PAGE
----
Presto has ceased operations effective January 2017. For any
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Streaming TV & Movies Plans
- Service Only Plan
- 8 Content Genres
Min Cost - Depending on title
Presto started out as a purely movies-only streaming service, adding a library of TV shows later to offer a product similar to Netflix. As usual, the consumer was the winner in this case. With a no-contract subscription, it made sense not getting locked in at a price you didn’t like!
Unlike its rivals, Presto’s TV and Movie streaming services were sold separately. The standard monthly fee gave subscribers access to Presto’s standard movie catalogue of films OR TV content. Each subscription was coming at a price of $9.99/month. To get the two in one package, the cost was $14.99. The selections were impressive, we’ll give Presto that.
While Presto didn’t use to advertise exactly how many movies were in its library, there were 10 genres available. We estimated that a monthly subscription would have given you access to about a thousand movies, which were constantly changing. We had a Full Movie and TV Library for details.
The movie selection included titles from the movie channels run by Presto’s parent company, Foxtel. However, there was some delay in the journey from Foxtel broadcast to Presto streaming. Presto had a decent range of films both newer and older – certainly more than enough to keep you entertained on a night in. Notable movie titles included Jurassic World, Insurgent and even Fifty Shades of Grey. At the other end of the spectrum there were modern classics like Shaun of the Dead or The Truman Show. It was a diverse and comprehensive list. Like browsing the shelves of your local video library; titles were added regularly, too.
Presto’s TV section featured full seasons of popular TV dramas including City Homicide, All Saints and Packed to The Rafters from Seven’s stable, along with some acclaimed HBO dramas like True Detective and comedies like Silicon Valley and Girls. The real drawcard, though, were the more recent shows. Some of them, like Aquarius, Mr Robot or American Crime, were seen on Presto before being available anywhere else. All in all, there was a nicely diverse range of shows on offer. Most of them well known and many from US premium cable channels like the aforementioned HBO, as well as Showtime and USA Network. There was very little “filler” in Presto’s library – the service did a good job at building collections that would appeal to a wide audience.
Ease of Use
Presto’s web interface was simple and easy to use, with signup being a three step process. It required you to enter your personal details, check your email account and then enter your credit card details.
Once you joined, finding a movie or show to watch was simple. The ‘Movies’ or ‘TV’ dropdowns – accessible from anywhere on the site – were divided into Genres, Recently Added, Trending Now and “Presto Picks”. Clicking on one of the ten genres used to take you to a new page. Titles could either be viewed as thumbnails with descriptions, or as more the more compact ‘thumbnails only’ view.
Search was excellent and accessible from every page. Clicking on the search icon caused a search screen to overlay whatever page you were on. As soon as you started typing, relevant results were shown. We tried searching for the popular comedy Pitch Perfect 2 and had only got as far as entering the second letter before it appeared in the list.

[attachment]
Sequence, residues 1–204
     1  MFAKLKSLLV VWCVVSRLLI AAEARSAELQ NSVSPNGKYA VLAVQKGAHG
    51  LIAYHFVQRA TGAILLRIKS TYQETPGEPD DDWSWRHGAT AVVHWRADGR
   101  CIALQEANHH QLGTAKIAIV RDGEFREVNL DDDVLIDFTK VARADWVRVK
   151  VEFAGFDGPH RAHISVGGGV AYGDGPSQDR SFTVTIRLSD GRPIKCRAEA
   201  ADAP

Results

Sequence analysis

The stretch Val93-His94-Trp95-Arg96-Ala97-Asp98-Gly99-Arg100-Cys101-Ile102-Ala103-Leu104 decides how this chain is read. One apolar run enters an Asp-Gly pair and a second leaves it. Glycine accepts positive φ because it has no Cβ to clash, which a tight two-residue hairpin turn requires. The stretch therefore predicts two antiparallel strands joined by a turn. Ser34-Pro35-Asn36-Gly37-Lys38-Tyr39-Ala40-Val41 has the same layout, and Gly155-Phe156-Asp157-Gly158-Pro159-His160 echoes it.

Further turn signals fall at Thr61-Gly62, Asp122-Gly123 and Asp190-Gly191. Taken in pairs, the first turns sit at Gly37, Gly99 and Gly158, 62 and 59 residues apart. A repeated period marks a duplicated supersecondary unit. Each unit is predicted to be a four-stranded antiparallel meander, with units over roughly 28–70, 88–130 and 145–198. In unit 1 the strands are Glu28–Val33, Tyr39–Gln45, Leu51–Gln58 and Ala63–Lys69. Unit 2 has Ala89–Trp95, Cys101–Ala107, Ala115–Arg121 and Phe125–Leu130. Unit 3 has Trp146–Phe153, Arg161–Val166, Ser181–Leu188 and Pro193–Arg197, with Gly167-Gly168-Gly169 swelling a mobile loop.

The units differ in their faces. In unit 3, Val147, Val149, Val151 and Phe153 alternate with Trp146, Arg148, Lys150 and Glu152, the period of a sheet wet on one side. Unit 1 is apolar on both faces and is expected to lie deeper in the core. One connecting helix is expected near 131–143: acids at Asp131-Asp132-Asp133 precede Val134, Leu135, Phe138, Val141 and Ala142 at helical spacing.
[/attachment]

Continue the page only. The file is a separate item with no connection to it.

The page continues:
Presto had excellent apps for iOS and Android with native Chromecast support ever since launch. The service also added more device support rapidly – for selected Smart TVs, Apple TV via Airplay, Telstra TV, Nexus Player, Android TV, Telstra T-Box and PlayStation 3 and 4. Browsing through Presto with the iOS apps was a good experience – selecting a TV series and choosing an episode felt intuitive and easy.
The simplest way to watch Presto directly on your TV was via a native Smart TV app available only on select Samsung, LG and Sony Bravia models. Everyone else had a few other options. You could head out and buy a Google Chromecast to send video from the phone or tablet apps to it. And Apple TV users could use AirPlay to send Presto video to their screens. Both Chromecast and AirPlay, as well as most of the device apps, supported full 1080p HD on a good number of shows and movies as well. Support was eventually added for Playstation 3 and 4 game consoles with their own native apps.
As you might have expected, the quality of what was shown on the screen depended on just one thing – how fast your internet connection was. Presto used to recommend at least 3Mbps for the best playback. However, if your connection wasn’t up to the mark, you were still be able to watch without buffering or long load times. The bit-rate of the stream would drop, leaving you with a picture less crisp than it could be. For HD streams, they used to recommend 6Mbps as a minimum.
After an SD-only beginning, Presto added full HD support, with newer TV shows and movies available in 1080p. On a large-screen display the picture quality wasn’t as good as with Netflix or Stan, but that wasn’t much of a hassle. It still looked great on laptops and PCs.
Presto was reasonably priced and offered a decent selection of TV and movies. However, the service closed down at the beginning of 2017. Since then, Foxtel launched another streaming service called Foxtel Now. It’s a significant improvement over Presto. It offers HD streaming and has a low entry point of just $10. Moreover, the platform allows you to both watch Foxtel channels live and binge content on demand. There are no contracts – you can cancel your subscription anytime.
Foxtel Now comes with great device compatibility as well. You can watch on PCs/Macs, mobile devices, Chromecast, Telstra TV, and PS4. Even better, there’s a two week Foxtel Now free trial to experience everything the service has to offer. Grab the offer below and start watching now.